1. Having the right technology is key but it doesn’t have to be exclusive. Our teams are predominantly on Slack, which does help for quick questions and a feeling of cohesiveness. We’re also using MS Teams for virtual meetings since Slack hasn’t always worked for larger meetings. Having options allows for flexibility and the ability to switch platforms as needed.
  2. Set clear expectations for your team about working remotely. We had both an organizational remote work policy and team-specific add-ons. Even little things like letting everyone know your work hours and how to communicate when you will be unavailable for appointments, etc. helps.
  3. Little things make a big difference. We started our first day off with sharing pictures of our work from home spaces. This small effort thought of by someone on my team helped each of us visualize where the team was working and started the day off with a bit of normalization and fun.
  4. One of the best recommendations that I saw during my research was to have virtual video chats on topics not related to work. My team has a standing coffee meet-up when we’re co-located and they are going to keep that going now that we’re all at home. They changed it to a virtual meeting where they will chat and catch-up with coffee brewed at home. These non-work related meet-ups help capture that esprit-de-corps you get in person.
  5. Don’t be afraid of the video meeting. As much as it was slightly embarrassing to be caught off-guard this week in a meeting, that embarrassment was momentary and went away as soon as I saw everyone else in their casual wear. Additionally, the benefit of seeing people while the meeting was occurring far out-weighed any fleeting sense of unease about meeting in my hoodie and make-up free face.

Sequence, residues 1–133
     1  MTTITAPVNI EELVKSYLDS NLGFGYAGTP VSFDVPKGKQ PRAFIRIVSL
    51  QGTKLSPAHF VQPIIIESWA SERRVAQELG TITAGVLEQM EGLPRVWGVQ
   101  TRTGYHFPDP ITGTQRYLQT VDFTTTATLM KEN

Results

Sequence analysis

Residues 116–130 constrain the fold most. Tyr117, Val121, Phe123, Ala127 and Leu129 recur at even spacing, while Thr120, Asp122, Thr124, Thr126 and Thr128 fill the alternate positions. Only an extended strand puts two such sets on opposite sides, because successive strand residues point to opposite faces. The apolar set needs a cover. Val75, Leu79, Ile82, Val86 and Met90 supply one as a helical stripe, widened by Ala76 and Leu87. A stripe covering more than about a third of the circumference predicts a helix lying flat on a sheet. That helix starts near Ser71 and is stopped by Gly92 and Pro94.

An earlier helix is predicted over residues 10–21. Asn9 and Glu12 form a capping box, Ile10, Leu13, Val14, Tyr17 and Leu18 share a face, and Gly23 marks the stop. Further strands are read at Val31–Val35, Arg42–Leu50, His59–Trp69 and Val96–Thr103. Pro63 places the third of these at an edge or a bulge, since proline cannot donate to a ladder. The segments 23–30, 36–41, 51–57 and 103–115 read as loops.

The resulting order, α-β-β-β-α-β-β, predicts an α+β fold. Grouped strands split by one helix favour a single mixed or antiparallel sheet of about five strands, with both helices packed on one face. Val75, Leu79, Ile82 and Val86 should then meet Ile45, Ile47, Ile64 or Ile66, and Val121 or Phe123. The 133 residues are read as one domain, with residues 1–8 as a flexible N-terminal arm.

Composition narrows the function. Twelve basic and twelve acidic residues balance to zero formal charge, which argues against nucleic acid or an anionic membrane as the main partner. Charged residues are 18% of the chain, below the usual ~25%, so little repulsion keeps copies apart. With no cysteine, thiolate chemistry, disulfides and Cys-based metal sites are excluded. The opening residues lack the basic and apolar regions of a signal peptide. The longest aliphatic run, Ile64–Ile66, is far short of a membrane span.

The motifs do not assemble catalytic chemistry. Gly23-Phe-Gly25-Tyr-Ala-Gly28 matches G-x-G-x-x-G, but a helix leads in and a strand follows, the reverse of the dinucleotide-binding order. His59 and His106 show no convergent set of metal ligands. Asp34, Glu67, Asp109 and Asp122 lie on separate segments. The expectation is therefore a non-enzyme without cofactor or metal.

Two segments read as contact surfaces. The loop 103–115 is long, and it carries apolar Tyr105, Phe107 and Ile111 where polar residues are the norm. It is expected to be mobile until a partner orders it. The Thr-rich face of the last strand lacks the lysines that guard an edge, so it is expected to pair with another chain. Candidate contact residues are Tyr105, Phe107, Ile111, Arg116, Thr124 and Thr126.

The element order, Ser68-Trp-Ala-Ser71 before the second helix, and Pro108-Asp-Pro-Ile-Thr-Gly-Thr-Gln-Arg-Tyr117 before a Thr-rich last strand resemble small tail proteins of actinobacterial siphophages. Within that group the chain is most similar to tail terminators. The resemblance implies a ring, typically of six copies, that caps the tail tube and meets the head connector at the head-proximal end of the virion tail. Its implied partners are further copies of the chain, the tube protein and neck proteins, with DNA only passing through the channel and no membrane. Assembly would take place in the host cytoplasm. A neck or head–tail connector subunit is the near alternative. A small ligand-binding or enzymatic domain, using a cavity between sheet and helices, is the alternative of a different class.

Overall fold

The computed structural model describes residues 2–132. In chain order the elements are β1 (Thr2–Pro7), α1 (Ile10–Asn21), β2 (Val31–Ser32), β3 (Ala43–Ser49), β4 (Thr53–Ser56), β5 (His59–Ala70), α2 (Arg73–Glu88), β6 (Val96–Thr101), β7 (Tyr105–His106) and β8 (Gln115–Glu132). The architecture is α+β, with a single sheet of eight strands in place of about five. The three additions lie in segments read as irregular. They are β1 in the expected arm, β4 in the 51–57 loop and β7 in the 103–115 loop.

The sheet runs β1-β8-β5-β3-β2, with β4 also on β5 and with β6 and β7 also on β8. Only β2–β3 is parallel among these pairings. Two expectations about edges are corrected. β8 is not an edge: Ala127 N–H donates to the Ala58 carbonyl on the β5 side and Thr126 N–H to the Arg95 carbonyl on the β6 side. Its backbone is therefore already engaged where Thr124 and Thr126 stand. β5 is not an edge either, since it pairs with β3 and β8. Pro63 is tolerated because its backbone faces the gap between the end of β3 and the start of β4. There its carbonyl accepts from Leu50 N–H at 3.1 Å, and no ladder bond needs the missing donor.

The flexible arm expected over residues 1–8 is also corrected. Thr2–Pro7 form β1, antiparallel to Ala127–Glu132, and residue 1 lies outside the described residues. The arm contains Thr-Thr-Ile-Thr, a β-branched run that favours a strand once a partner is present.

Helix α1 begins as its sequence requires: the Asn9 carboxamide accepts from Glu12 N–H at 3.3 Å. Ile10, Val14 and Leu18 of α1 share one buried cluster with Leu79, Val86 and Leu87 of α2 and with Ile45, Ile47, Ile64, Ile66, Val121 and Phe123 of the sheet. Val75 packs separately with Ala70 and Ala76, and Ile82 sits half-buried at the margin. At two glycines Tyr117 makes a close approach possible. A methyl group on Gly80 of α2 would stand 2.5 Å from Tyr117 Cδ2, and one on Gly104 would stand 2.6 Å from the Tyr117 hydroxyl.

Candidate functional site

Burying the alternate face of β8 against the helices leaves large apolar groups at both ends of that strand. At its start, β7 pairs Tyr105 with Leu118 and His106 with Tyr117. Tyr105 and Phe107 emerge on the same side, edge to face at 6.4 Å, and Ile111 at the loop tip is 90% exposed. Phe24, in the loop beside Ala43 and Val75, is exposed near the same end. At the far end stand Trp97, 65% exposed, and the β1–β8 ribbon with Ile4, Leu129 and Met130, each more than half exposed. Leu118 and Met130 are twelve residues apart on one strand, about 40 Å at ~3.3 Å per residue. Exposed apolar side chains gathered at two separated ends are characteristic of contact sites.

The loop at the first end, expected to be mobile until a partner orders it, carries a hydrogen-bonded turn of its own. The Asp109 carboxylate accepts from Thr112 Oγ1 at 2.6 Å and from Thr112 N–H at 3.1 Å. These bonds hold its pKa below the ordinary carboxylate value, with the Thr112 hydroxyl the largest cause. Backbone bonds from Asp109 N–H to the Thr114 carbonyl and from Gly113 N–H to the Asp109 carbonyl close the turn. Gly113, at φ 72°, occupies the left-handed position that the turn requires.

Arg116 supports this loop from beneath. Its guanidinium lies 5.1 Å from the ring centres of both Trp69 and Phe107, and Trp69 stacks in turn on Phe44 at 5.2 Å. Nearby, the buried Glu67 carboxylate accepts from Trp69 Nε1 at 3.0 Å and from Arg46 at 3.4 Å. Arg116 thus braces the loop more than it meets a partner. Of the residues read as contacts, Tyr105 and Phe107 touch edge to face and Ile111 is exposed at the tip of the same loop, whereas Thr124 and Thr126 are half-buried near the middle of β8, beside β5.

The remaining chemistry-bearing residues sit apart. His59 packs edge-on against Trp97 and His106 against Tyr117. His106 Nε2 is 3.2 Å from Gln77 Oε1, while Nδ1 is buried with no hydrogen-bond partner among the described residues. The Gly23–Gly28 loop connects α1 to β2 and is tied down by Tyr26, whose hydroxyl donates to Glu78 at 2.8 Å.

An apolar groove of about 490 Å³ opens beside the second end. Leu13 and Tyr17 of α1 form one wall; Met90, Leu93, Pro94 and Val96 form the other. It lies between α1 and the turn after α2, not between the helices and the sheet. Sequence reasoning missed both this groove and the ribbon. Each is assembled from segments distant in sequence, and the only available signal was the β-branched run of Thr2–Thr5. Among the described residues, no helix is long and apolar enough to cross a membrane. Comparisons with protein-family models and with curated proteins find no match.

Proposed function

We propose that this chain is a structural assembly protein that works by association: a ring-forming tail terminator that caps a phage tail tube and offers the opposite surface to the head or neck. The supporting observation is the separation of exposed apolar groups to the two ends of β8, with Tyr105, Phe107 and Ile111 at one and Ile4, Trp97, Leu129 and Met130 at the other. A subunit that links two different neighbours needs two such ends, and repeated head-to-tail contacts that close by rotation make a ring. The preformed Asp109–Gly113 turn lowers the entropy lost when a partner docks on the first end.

6. Keep your sense of humor. Humor is one of the self-identified values of my team. A well-place gif in a Slack conversation goes a long way.
  7. Keep the team aware of the work being done as a whole. Whether that’s tracking work in one online location everyone can access, or posting your top 3-5 To Do items in a Slack channel (our practice), it’s easy for remote teams to get isolate and siloed in their work. Helping the team be aware of what everyone is working on (including you as a manager) keeps the sense of a cohesive team while everyone is working apart.
  8. As a manager, be prepared to see some decrease in productivity prior to an increase. Studies have shown an increase in productivity for remote work given the lack of office distractions. What we found in the transitions was a slight decrease, especially for managers, as teams adjusted to the new way of interacting. Without the ability to drop-by a desk or office, there was a noted increase in email and Slack traffic for managers as questions needed an answer. This is likely to level off as the teams settle in.

That’s all I’ve got for now but we’re only a few days into this particularly experiment. I’ll update my recommendations as we go.